We’ve done it. We’ve finally crossed into the realm of written records and recorded history. Join me on an odyssey going back 6,000 years ago, when the Sumerians of what is today southern Iraq, took a mega-surplus of grain and transformed it directly into wealth and power. In the process, they managed to invent cities, urbanism, and all the trappings modern civilization. (Not to mention the first written recipes and cookbooks)
Theme music by the incredible Michael Levy of Ancient Lyre. This rendition of the Hurian Hymn, the oldest known piece of sheet music, and the whole album “An Ancient Lyre” and much more is available from all major digital music stores and streaming sites.
When times were tough in the ancient world, those dependent on their primitive farms might have come up short on their preferred grains for bread and would have been forced to add other flours to the mix. For the vast swath of commoners across ancient Mesopotamia, from modern Iran, Iraq, Syria, Turkey, and Mediterranean coast, this hearty multi-grain bread was actually healthier, though nobody knew it at the time.
This bread is made from grains that could be found all over the middle east in 5000 BC. The cultivated wheat and barley, with lentils and chickpeas from the garden, and spelt and rye foraged in the wilderness around the village.
To accompany the Mesoamerican section of episode 3 of the History of Food, we’re making authentic ancient tamales in the earth oven, just like would have been done in pre-urban Mexico and Guatemala.
These tamales are a little plain, and lack the fat and leavening agents that help make modern tamales so delicious. We’re making ours with only the ingredients the ancient Mesoamericans had, that is with corn, lime, and water.
But that’s okay, we’ve got some other authentic ingredients to help the flavor along. Black beans for filling, and chili sauce for garnish, and roasted squash as a side are going to give us flavor and depth, even if the tamale itself is bare bones.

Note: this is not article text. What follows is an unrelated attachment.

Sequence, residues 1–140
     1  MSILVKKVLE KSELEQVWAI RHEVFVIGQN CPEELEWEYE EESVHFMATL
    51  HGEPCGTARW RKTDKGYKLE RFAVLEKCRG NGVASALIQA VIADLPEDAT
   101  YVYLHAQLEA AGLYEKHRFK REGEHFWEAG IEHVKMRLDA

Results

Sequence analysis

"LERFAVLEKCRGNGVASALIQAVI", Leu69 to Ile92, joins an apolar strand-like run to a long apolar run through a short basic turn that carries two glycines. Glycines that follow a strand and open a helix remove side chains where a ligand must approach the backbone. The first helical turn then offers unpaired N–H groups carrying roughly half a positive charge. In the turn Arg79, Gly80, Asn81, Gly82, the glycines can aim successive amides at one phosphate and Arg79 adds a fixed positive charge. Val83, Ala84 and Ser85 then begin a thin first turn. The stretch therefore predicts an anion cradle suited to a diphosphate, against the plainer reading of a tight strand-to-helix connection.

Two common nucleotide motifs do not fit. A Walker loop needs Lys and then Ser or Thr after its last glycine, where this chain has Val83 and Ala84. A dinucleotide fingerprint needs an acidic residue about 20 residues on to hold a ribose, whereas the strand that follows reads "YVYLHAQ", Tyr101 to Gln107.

Sweetcorn or Popcorn won’t work. You need plain field corn for this, which in some areas can be hard to come by. You can find it in many Mexican markets, almost any tortilleria, or if you’re truly lucky, a farmer.
For the tamales:
400g Plain Field corn (NOT sweet or popcorn)
6g Cal (pickling lime)
5 cups water
Dried corn husks for wrapping the tamales
For the Black bean filling:
3/4 cup dry black beans 5 cups water 1 fresh chile 1 medium onion
For the Chili sauce: 6-7 fresh chiles Seeds from 1 squash or pumpkin water
Lentil soup has become a punchline, a shorthand meat eaters use to make fun of how boring the vegetarian diet supposedly is. But this is WRONG! Lentils are amazing, and lentil soup can be one of the most simple and transcendent things you ever cook if you do it right.
The ancients of the Near East sure knew how to use lentils, and other pulses similar to it. For most of antiquity, lentils were considered a poor man’s food. Common folk could not usually afford meat, but lentils and chickpeas would have been a great protein substitute.
This supposed peasant food is nutritious, satisfying, and quite packs a lot of flavor with a few simple ingredients. Using modern versions of the ingredients available since the Neolithic on is enough to make a creamy, hearty, and healthy soup.
1 cup red lentils (But you can substitute other colors too) 4-5 cups water 1 large onion, diced 1 fat carrot, diced 3-5 cloves fresh garlic, mashed 1/2 cup Tahini water (see recipe) Crushed coriander, cumin, and mustard seeds (or just use Garam Masala spice) 1 cup Yogurt (leave out for vegan version) 1/2 bunch Coriander (cilantro) or Parsley leaves chopped
(Makes 3-4 bowls)
Coat the bottom of a stockpot with sesame oil (or butter) over medium heat. Add the onion, garlic, and carrot. Season with salt and the ground spices. Saute until the onion is starting to soften, but not fully cooked.
To make tahini water, take an empty Jar of tahini and fill with quarter cup of water, closing and shaking vigorously to clean the jar and make a liquid. (Or simply whisk the water into 2 tablespoons of tahini in a bowl.)
Add the lentils and lightly toast for about 2 minutes. Then add water plus tahini water. Turn up the head to high and bring to a boil. When boiling, immediately turn down to a simmer.
Simmer for 1-2 hours, stirring the bottom occasionally. Use the back of your spoon to mash some of the fully cooked lentils against the side of the pot for a creamy consistency. Add water if desired to adjust consistency.
Mix the chopped herbs and Yogurt together. Add half to the soup and stir in, and reserve the other half for garnish at the end. Ladle the soup into bowls and then add a dollop of the herb yogurt to serve.